Lets take a look at the Lynx by position and see how they compare to last year and how they could attempt to adjust to the loss of their former Stanford star.
One month into the WNBA season the most valuable players are the usual suspects. Diana Taurasi is the leading scorer at 21.4 points per game. Three other active players are averaging over 20 points, Angel McCoughtry (20.8), Lauren Jackson (20.4) and Cappie Pondexter (20.3), as well as Candace Parker (20.6), whose season was cut short early last week after multiple dislocations to her left shoulder.
But in addition to this elite group, there are some players who have taken a big step forward this season. This week we will take a look at the WNBA's most improved players in 2010 and how they have shaped the early season.
As if their 3-7 start to the season weren't enough, the Los Angeles Sparks got more bad news today when it was announced that star Candace Parker will miss the remainder of the 2010 WNBA season to undergo reparative surgery on her left shoulder.
Full Court Press was the first media outlet in the U.S. to report this spring that Parker, then still in Europe for her winter season with Russia's UMMC Ekaterinburg, was considering sitting out this season to undergo surgery on the shoulder, to which she has suffered multiple dislocations. Parker, who refers to herself as "Gumby-like" in light of her loose jointedness, has suffered chronic problems with the joint since her collegiate playing days. She initially injured the shoulder during the University of Tennessee's Elite Eight win over Texas A&M in the 2008 NCAA Tournament, but went on to lead the Lady Vols to the National Championship (their second in a row) that year. She took no time to rehab the injury, but instead went straight to the pros as the No. 1 pick in the WNBA draft that year. Despite playing with a brace, had a sensational rookie season, that ended in her being named the league's 2008 Rookie of the Year and Most Valuable Player, the first player in WNBA history to achieve the dual honor. That September, Parker iced the cake with a gold medal at the Beijing Olympics.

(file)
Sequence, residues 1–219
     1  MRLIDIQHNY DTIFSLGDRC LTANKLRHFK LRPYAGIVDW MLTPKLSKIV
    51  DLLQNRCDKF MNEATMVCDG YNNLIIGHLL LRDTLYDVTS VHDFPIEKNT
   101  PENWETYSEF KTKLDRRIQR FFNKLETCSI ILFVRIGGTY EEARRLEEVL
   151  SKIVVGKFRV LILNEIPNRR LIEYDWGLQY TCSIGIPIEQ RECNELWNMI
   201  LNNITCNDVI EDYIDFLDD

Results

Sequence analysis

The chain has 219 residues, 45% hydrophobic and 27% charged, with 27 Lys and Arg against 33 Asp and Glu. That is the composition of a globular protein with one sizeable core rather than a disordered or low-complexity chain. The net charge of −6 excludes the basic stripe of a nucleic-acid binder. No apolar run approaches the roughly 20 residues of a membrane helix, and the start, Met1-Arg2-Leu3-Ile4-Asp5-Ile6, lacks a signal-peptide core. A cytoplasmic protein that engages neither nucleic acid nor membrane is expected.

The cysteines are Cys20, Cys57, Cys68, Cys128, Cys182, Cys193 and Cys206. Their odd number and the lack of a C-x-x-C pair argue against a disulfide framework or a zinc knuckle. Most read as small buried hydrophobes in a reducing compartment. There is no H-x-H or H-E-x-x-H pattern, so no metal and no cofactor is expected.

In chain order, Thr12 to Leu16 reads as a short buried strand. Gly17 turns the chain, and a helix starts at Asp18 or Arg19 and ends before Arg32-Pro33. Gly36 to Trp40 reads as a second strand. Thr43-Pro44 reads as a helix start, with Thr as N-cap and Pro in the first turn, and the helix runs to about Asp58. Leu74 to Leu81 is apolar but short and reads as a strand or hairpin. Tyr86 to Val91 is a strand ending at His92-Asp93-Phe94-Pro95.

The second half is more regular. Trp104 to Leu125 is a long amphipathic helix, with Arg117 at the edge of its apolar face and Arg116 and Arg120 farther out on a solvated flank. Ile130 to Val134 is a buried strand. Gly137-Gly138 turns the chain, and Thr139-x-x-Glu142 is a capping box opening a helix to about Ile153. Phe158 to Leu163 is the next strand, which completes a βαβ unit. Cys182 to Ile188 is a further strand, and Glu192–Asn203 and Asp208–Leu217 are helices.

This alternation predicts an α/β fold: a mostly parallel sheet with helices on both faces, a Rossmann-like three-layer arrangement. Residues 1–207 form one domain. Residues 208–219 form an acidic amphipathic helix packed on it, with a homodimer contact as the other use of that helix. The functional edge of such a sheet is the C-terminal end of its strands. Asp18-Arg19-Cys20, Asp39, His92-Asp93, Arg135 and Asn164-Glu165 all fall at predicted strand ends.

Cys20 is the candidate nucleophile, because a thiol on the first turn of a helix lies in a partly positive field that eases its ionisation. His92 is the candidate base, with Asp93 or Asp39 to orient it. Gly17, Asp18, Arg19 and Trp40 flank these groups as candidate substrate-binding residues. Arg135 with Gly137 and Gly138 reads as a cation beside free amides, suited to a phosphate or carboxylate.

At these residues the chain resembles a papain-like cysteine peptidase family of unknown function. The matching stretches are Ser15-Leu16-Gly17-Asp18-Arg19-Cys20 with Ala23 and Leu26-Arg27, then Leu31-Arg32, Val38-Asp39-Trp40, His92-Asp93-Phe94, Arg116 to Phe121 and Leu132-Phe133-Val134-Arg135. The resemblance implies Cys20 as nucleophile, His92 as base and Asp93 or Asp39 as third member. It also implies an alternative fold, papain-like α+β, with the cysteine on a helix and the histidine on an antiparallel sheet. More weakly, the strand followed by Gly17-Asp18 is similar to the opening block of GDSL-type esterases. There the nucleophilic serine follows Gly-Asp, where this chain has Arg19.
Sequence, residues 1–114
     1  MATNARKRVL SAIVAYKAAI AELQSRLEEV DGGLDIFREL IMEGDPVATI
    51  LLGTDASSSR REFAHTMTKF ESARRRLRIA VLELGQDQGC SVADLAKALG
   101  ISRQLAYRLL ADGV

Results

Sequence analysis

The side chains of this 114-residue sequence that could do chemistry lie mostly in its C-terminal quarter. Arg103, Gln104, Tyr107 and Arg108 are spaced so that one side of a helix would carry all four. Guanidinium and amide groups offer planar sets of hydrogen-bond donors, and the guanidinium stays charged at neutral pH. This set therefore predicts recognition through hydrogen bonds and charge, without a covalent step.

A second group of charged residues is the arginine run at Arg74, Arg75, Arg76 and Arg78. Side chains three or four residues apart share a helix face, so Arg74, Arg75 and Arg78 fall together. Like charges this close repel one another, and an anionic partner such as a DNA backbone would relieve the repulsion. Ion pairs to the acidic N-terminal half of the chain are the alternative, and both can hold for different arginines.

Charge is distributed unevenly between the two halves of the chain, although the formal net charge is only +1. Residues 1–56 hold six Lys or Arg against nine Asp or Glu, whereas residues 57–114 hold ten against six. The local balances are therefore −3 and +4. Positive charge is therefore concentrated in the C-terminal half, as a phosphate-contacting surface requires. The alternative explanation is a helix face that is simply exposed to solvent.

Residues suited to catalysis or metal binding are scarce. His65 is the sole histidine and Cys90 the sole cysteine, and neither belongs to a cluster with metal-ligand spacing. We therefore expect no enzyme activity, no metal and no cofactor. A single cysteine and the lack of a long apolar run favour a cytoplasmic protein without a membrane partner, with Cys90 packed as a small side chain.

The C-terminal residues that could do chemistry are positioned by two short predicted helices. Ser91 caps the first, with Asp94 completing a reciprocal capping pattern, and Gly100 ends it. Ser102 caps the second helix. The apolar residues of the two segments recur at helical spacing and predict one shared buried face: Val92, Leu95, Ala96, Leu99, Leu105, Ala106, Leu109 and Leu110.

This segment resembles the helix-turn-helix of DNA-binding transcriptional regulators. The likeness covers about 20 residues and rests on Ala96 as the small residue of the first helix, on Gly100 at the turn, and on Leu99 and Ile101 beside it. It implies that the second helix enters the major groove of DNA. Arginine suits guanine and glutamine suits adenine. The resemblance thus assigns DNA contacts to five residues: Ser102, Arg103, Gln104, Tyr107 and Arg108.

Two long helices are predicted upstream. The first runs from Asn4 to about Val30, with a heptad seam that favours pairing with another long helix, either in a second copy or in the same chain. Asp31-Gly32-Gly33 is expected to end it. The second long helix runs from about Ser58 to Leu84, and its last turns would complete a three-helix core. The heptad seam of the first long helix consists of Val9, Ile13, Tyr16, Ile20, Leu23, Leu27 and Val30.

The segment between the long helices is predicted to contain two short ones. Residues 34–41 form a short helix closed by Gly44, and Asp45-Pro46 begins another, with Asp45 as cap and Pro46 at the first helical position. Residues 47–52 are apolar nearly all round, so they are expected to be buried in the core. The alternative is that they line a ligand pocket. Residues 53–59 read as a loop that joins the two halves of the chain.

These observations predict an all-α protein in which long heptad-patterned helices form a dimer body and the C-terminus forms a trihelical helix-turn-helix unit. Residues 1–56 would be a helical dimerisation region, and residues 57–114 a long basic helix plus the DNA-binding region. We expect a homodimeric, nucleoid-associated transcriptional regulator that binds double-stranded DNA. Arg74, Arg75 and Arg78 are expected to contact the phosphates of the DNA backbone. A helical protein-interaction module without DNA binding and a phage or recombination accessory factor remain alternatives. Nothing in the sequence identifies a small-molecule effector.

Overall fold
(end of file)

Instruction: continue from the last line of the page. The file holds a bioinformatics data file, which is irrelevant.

This year, Parker ultimately decided to put the surgery on hold and reevaluate the issue after the 2010 WNBA season and the FIBA Women's World Championships, scheduled to be held in the Czech Republic this October.
But Parker reinjured the shoulder last week, dislocating it twice in a period of just three days. She was forced to leave the Sparks' Friday, June 11, game at the Seattle Storm late in the first quarter, but went to the locker room where, with the help of trainers, she managed to pop her arm back into place. She returned to the floor in the second period and played for a total of 31 minutes, but had one of her most disappointing outings of the season -- being held to just 13 points and seven boards -- as the Sparks went down to a 60-82 loss at the hands of the best team in the league.
Three days later, on June 14, back in L.A., the Sparks eked out an 88-84 win (just their third of the season) over Minnesota (currently the worst team in the league), but they had to do most of it without Parker. The All-Star got off to a strong start, with 12 points and six rebounds already to her credit, before she collided with Seimone Augustus after Parker missed a jumper near the six-minute mark of the second quarter. Parker fell to the floor, clutching her left ankle and writhing in pain next to the L.A. bench as her team played on, four against five, without her.